NAIROBI, Kenya, Sept 23 – Kenyan tea farmers are due to receive the highest pay in nine years with a hefty bonus of Sh24.66 per kilo of green leaf supplied to the Kenya Tea Development Agency (KTDA) until June 2009.
KTDA Managing Director Lerionka Tiampati said about 500,000 small scale farmers will be paid a total of Sh25.4 billion which represents a 29 percent growth in earnings.
“We have already paid Sh7.7 billion in the initial payment at an average rate of Sh10.50 per kg. The bonus (second payment) is coming to Sh24.66 and so if you add the two, you’ll get Sh35.16 per kg. This is money going directly to the farmers’ pockets from the Sh36.9 billion we earned from tea,” he explained.
At a press briefing on Wednesday, the MD attributed this to the reduced production due to the ongoing drought and the favourable exchange rate which pushed prices at the auction.
Production has declined by 30 percent due to the persistent drought leading to high demand that has pushed up the prices. On the other hand, the prices have gone up from Sh186.4 ($2.50) per kg of processed tea to Sh261.1 ($3.50).
An average of 4kgs of green leaf makes 1kg of made tea.
Mr Tiampati said although the anticipated El Nino rains might see production go up this might not significantly affect the tea prices.
“Globally, there is a deficit of tea to the tune of 110 million kilos which has been caused by the drought in East Africa, Sri Lanka, India and elsewhere. So in the next one year, prices might come down slightly because before you build up stocks, it might take a lot of time,” he added.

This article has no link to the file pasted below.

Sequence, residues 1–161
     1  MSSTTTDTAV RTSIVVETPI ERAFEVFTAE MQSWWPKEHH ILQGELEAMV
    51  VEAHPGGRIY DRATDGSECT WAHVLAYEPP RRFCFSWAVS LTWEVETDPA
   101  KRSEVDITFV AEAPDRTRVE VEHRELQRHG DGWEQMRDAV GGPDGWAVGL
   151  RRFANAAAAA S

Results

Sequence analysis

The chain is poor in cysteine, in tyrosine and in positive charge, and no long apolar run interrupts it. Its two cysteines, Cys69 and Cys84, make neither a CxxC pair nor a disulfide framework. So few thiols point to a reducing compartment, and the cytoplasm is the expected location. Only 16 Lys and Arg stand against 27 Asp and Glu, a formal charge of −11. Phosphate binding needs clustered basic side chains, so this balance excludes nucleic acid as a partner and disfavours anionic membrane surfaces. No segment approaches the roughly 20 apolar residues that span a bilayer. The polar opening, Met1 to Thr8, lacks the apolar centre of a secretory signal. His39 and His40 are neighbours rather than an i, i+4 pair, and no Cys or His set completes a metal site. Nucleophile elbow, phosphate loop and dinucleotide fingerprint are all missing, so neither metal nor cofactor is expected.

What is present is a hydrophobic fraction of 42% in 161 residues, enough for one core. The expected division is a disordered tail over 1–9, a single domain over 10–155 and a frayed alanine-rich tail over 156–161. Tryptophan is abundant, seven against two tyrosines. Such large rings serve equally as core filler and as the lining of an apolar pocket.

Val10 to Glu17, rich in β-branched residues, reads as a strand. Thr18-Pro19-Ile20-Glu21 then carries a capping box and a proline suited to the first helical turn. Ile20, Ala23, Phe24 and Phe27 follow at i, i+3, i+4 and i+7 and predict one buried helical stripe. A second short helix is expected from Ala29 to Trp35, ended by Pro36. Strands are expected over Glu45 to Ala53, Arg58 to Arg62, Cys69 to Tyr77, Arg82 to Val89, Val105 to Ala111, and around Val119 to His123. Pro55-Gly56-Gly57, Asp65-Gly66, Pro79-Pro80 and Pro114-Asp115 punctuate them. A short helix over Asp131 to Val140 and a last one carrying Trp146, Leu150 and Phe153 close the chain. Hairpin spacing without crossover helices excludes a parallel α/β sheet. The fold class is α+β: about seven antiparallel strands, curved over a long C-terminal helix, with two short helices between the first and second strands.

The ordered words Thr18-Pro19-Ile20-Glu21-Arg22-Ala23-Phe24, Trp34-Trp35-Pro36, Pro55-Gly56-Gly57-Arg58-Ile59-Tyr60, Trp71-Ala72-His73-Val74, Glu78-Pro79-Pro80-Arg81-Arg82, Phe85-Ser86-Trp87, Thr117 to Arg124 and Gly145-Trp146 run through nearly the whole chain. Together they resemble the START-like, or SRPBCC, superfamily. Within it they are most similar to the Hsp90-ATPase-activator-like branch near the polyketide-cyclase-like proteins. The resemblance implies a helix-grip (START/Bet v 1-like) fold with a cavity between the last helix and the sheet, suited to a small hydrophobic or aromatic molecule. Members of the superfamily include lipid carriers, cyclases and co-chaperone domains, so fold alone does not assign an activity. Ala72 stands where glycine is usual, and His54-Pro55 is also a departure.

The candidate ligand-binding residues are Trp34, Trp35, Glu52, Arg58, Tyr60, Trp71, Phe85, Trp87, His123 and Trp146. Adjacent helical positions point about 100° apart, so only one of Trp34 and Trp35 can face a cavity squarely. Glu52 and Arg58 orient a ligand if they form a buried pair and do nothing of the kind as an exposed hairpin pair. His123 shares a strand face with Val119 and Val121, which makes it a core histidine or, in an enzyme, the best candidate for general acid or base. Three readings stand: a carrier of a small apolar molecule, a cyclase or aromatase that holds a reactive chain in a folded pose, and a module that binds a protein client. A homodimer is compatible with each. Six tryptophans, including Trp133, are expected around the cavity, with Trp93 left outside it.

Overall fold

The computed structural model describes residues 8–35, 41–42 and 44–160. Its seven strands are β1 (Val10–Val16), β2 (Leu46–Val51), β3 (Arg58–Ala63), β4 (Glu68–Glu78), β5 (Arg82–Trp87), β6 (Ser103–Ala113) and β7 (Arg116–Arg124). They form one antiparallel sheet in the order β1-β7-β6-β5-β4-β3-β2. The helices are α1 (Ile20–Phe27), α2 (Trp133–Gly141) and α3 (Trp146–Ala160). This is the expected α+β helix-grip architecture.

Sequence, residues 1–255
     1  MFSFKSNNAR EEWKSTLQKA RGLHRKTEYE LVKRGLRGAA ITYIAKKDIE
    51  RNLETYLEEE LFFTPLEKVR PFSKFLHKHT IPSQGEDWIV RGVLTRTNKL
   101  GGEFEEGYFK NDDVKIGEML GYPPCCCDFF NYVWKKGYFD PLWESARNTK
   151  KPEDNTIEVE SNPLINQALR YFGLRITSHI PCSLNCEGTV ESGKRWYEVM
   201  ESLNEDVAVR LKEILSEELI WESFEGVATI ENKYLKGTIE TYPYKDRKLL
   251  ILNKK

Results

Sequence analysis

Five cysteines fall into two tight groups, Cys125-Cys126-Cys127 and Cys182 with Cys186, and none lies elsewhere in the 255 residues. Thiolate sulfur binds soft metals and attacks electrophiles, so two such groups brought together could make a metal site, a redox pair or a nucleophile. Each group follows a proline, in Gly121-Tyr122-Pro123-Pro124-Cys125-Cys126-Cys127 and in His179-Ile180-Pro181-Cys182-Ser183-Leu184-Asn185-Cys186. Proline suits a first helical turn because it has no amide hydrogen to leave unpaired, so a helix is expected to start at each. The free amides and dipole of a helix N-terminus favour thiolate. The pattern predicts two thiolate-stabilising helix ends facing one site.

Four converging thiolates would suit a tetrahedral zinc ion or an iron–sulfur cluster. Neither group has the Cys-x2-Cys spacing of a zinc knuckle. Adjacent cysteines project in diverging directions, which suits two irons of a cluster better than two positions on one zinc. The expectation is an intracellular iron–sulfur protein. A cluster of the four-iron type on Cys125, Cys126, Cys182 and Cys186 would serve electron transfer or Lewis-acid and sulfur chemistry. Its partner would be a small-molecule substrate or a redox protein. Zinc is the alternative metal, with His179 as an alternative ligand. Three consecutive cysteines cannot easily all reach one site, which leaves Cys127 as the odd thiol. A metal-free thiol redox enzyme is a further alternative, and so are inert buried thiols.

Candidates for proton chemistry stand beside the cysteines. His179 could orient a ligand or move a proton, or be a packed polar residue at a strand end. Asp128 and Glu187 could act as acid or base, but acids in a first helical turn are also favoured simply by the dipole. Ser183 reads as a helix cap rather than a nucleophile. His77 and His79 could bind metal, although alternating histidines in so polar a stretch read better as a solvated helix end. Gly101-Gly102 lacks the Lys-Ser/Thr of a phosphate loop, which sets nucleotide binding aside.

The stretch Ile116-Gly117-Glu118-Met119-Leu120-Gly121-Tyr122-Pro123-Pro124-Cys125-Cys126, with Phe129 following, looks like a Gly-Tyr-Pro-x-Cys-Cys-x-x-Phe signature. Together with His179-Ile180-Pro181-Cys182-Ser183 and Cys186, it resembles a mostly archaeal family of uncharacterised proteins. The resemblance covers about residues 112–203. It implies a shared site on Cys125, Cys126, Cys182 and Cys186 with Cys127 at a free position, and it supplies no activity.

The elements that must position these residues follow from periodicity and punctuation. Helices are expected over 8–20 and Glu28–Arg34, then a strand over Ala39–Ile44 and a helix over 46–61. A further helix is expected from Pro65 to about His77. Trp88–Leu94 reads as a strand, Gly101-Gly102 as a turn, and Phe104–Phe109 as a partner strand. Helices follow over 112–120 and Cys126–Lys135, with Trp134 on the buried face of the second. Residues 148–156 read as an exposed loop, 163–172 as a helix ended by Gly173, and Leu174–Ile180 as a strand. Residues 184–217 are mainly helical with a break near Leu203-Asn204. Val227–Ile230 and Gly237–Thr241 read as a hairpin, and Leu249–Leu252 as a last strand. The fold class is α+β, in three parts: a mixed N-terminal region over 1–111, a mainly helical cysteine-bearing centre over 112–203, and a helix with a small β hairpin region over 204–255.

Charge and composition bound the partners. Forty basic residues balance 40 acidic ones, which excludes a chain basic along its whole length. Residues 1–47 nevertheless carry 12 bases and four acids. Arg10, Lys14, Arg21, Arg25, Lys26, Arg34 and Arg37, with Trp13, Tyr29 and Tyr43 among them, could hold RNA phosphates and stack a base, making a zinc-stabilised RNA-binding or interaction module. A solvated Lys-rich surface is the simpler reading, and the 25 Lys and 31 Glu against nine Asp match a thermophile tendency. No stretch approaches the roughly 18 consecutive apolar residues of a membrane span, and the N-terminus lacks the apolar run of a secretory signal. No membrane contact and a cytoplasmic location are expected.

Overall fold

KTDA also credited the high earnings to the initiatives that had been undertaken by factories to cut costs and improve efficiency.
The factories which have been faced with challenges such as high energy, labour and input costs have devised ways to enable them to remain competitive. This includes the use of firewood to mitigate high fuel costs and the setting up of mini-hydros to generate energy.
They have also embarked on automation to reduce the cost of labour and improve efficiency in the plants while Continuous Fermentation Units have also been installed.
“We are encouraging our farmers to lease or buy and develop wood fuel plantation so that they can rely on their own plantation for fuel requirement. This is happening and up to 10 percent of the requirements are already in place and we will continue with that initiative,” he vowed.
At the same time, Mr Tiampati revealed that they are in the process of setting up a subsidiary that will effectively manage the mini hydros.
“Energy is a different ball game from tea production and therefore you can’t say that you’ll use the expertise in tea to develop energy. We will set up a business that is stuffed with the right skills to drive forward that business,” he said.
The energy projects cost between of Sh150 million and Sh200 million to set up where farmers contributing equity while the banks also chip in.
Meanwhile, the MD has defended KTDA against claims that their recent move to set up a Microfinance firm, Greenland Fedha Limited earlier this month to provide financial services to its members will ‘kill’ 52 Savings and Credit Co-operatives Societies (Saccos) in the rural areas.
“Some of the directors in the tea factories are also directors in those Saccos so how can we kill them? There are over 40 banks and over 30,000 Saccos, so how is a small Sacco going to kill them?” he posed.
The Kenya Union of Savings and Credit Co-operatives (KUSCO) has asked the government to deregister Greenland Fedha arguing that since they were not taking any deposits, they would force farmers into their firm which would hurt their smaller members’ operations.
Mr Tiampati however said they would conduct their business responsibly and diligently and as such the small Saccos need not feel threatened.